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4:30 PM - CC8.09
Experimental and Theoretical Investigation of LiFeO2 - Tunnel as a Model System for Fe2+/Fe4+ Cathode for Li-Ion Batteries
A systematic investigation of the possibility of Fe based cathodes with 2 Li per 1 Fe atom electrochemical cycling was undertaken. In such cathodes, both the Fe2+/Fe3+ as well as the Fe3+/Fe4+ redox couples are to be utilized. Our study was focused on a model structure with Fe exclusively in tetrahedral, LiFeO2 - tunnel, environments. The target compound was prepared via ion exchange from appropriate intermediate phases with larger alkali cations. Structural motif was preserved during the ion exchanges as confirmed by powder X-ray diffraction measurements.
Density functional theory GGA + U calculations show a high density of O-2p states near the Fermi energy in LiFeO2 - tunnel. Therefore Li deintercalation can lead to (O2)2- peroxide unit formation and compound decomposition and/or reaction with the electrolyte. On the contrary, for a theoretical fully Li deintercalated “FeO2-tunnel” compound, Fe-3d states dominate near the Fermi energy. Thus, Fe4+ can theoretically be formed in the compound if reaction with electrolyte can be avoided.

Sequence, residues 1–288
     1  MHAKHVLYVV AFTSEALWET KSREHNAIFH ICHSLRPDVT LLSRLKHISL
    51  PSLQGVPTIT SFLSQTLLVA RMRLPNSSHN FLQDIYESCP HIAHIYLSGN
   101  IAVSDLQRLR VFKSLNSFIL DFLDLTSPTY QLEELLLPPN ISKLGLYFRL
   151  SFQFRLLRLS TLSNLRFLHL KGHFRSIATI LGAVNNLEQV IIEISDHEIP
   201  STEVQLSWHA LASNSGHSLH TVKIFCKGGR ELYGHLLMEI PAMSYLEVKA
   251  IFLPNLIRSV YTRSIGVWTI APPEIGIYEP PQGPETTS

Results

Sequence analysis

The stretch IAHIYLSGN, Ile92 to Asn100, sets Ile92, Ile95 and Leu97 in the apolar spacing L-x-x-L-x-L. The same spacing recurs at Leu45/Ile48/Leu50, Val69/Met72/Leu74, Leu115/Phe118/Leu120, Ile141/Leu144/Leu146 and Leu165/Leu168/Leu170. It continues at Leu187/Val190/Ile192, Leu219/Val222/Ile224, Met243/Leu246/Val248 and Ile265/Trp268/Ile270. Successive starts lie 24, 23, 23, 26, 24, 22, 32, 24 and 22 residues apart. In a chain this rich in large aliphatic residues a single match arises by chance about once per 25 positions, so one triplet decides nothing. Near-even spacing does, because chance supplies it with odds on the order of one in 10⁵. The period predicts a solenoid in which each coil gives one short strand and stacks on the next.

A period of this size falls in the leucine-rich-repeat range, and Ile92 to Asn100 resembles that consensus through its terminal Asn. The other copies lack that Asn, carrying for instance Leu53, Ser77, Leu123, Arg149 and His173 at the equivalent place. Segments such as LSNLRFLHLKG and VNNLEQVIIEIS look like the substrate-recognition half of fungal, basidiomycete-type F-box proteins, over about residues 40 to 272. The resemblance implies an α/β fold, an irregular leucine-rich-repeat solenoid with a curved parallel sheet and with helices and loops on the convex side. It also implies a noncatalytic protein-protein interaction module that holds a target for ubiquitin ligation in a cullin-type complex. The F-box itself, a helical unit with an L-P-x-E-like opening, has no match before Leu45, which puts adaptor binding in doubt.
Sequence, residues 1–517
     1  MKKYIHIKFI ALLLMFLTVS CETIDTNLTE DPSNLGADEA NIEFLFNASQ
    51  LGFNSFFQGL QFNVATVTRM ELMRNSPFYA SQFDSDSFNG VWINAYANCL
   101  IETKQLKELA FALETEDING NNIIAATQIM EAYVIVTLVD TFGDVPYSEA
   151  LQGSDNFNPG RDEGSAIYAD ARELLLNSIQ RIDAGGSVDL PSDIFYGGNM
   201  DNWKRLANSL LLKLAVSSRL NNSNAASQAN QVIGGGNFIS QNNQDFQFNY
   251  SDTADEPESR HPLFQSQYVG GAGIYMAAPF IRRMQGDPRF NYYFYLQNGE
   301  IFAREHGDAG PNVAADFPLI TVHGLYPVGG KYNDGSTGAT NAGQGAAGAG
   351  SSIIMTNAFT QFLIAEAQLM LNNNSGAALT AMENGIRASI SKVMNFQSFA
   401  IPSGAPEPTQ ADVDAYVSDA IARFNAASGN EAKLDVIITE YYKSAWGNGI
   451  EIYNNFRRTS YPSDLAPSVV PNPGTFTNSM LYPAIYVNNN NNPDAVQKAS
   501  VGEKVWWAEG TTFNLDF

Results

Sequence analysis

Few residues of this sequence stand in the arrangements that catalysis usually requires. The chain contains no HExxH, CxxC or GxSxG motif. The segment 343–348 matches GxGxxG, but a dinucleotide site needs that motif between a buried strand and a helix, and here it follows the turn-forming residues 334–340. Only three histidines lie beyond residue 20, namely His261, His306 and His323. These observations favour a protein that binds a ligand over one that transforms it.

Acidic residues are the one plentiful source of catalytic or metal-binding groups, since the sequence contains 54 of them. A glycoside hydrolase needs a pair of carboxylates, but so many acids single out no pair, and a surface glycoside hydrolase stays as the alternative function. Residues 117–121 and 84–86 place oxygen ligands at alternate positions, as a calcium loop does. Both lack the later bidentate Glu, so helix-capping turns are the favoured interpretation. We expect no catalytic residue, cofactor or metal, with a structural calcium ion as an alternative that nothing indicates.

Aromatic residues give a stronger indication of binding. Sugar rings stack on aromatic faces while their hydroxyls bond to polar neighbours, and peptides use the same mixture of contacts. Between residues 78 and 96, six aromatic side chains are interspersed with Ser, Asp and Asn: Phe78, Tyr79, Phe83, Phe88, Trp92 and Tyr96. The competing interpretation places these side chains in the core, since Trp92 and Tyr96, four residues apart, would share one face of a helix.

Chemical Li intercalation into the LiFeO2-tunnel structure resulted in Li1.57Fe1.00O2 stoichiometry without destroying the structure. Chemical Li deintercalation resulted in Li0.42Fe1.00O2 stoichiometry. Mossbauer spectroscopy was utilized to determine the Fe oxidation state in the Li intercalated and deintercalated compounds. Presence of Fe2+ and Fe3+ in Li1.57Fe1.00O2, as well as existence of Fe3+ and Fe4+ in Li0.42Fe1.00O2 was confirmed by Mossbauer spectroscopy. Thus Fe2+/Fe3+ as well as Fe3+/Fe4+ redox couple might be accessible for electrochemical cycling in LiFeO2-tunnel.